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title = "Calls to Florida Poison Control Centers about mercury: Trends over 2003–2013",
abstract = "Objective The aim of this analysis was to contrast trends in exposure-report calls and informational queries (a measure of public interest) about mercury to the Florida Poison Control Centers over 2003–2013. Materials and methods Poison-control specialists coded calls to Florida Poison Control Centers by substance of concern, caller demographics, and whether the call pertained to an exposure event or was an informational query. For the present study, call records regarding mercury were de-identified and provided along with daily total number of calls for statistical analysis. We fit Poisson models using generalized estimating equations to summarize changes across years in counts of daily calls to Florida Poison Control Centers, adjusting for month. In a second stage of analysis, we further adjusted for the total number of calls each day. We also conducted analyses stratified by age of the exposed. Results There was an overall decrease over 2003–2013 in the number of total calls about mercury [Ratio per year: 0.89, 95{\%} CI: (0.88, 0.90)], and calls about mercury exposure [Ratio per year: 0.84, 95{\%} CI: (0.83, 0.85)], but the number of informational queries about mercury increased over this time [Ratio per year: 1.15 (95{\%} CI: 1.12, 1.18)]. After adjusting for the number of calls of that type each day (e.g., call volume), the associations remained similar: a ratio of 0.88 (95{\%} CI: 0.87, 0.89) per year for total calls, 0.85 (0.83, 0.86) for exposure-related calls, and 1.17 (1.14, 1.21) for informational queries. Conclusion Although, the number of exposure-related calls decreased, informational queries increased over 2003–2013. This might suggest an increased public interest in mercury health risks despite a decrease in reported exposures over this time period.",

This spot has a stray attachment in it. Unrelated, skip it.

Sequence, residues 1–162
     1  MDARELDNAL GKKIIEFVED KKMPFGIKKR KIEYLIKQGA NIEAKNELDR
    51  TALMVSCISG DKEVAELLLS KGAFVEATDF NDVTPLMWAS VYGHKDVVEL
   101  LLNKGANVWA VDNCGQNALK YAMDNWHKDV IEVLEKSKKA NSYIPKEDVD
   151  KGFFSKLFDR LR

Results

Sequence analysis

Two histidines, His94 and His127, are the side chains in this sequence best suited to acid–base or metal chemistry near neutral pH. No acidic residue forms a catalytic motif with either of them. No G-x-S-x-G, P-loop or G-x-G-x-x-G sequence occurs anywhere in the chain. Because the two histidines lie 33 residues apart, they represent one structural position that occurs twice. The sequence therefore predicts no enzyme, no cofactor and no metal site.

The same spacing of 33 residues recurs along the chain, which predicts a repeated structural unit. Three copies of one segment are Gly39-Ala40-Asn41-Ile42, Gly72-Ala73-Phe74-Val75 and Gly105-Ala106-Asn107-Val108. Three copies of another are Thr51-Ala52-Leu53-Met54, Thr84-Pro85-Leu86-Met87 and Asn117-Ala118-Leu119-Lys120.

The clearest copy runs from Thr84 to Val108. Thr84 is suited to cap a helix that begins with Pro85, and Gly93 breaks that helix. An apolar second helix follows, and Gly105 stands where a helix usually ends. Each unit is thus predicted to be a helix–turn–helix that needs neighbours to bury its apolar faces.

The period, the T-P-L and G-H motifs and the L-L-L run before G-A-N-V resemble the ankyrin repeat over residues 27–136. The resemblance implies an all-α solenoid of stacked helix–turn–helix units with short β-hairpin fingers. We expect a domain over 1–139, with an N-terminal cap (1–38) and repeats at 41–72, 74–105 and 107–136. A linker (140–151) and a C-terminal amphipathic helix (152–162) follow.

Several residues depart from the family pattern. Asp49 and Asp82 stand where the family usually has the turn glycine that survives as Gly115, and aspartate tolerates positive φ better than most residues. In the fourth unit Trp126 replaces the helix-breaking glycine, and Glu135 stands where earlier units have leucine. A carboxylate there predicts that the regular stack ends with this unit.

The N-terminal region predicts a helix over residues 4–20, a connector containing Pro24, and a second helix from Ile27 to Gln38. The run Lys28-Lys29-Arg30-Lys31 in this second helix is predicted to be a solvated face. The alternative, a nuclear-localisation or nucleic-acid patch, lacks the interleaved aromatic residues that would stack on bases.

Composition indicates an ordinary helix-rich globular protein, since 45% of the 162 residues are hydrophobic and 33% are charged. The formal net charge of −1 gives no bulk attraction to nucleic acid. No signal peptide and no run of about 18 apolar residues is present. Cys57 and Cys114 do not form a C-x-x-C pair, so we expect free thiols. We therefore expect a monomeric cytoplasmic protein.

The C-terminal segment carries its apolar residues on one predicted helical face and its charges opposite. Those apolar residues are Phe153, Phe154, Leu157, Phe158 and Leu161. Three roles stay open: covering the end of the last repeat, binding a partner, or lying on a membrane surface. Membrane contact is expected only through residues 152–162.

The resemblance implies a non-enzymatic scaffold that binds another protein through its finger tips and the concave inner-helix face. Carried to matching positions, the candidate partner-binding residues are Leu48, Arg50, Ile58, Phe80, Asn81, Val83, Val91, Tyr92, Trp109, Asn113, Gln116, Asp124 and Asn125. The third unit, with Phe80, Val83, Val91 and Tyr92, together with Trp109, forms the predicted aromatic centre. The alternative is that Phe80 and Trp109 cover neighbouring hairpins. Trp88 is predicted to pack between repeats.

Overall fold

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AU - Deshpande, Aniruddha

AU - Stephan, Wendy B.

AU - Hunter, Candis M.

AU - Weisman, Richard S

PY - 2017